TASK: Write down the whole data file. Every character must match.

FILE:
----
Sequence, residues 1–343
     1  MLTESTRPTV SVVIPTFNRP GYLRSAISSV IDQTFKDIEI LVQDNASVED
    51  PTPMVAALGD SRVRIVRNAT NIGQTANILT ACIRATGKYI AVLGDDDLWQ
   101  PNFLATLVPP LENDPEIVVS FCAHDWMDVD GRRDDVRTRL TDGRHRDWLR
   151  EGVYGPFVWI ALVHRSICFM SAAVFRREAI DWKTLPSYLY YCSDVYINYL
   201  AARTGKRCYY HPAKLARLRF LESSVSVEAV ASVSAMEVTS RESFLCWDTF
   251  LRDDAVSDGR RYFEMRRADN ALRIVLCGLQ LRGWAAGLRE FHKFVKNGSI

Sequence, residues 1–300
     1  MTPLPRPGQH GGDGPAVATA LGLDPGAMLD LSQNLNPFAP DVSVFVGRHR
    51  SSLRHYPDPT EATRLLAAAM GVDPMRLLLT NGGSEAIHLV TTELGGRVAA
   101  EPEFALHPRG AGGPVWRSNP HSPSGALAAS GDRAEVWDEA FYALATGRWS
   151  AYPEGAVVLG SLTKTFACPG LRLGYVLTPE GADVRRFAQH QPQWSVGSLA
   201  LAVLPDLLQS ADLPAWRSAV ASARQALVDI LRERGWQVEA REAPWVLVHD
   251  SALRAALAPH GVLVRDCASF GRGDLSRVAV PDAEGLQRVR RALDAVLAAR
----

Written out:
Sequence, residues 1–343
     1  MLTESTRPTV SVVIPTFNRP GYLRSAISSV IDQTFKDIEI LVQDNASVED
    51  PTPMVAALGD SRVRIVRNAT NIGQTANILT ACIRATGKYI AVLGDDDLWQ
   101  PNFLATLVPP LENDPEIVVS FCAHDWMDVD GRRDDVRTRL TDGRHRDWLR
   151  EGVYGPFVWI ALVHRSICFM SAAVFRREAI DWKTLPSYLY YCSDVYINYL
   201  AARTGKRCYY HPAKLARLRF LESSVSVEAV ASVSAMEVTS RESFLCWDTF
   251  LRDDAVSDGR RYFEMRRADN ALRIVLCGLQ LRGWAAGLRE FHKFVKNGSI

Sequence, residues 1–300
     1  MTPLPRPGQH GGDGPAVATA LGLDPGAMLD LSQNLNPFAP DVSVFVGRHR
    51  SSLRHYPDPT EATRLLAAAM GVDPMRLLLT NGGSEAIHLV TTELGGRVAA
   101  EPEFALHPRG AGGPVWRSNP HSPSGALAAS GDRAEVWDEA FYALATGRWS
   151  AYPEGAVVLG SLTKTFACPG LRLGYVLTPE GADVRRFAQH QPQWSVGSLA
   201  LAVLPDLLQS ADLPAWRSAV ASARQALVDI LRERGWQVEA REAPWVLVHD
   251  SALRAALAPH GVLVRDCASF GRGDLSRVAV PDAEGLQRVR RALDAVLAAR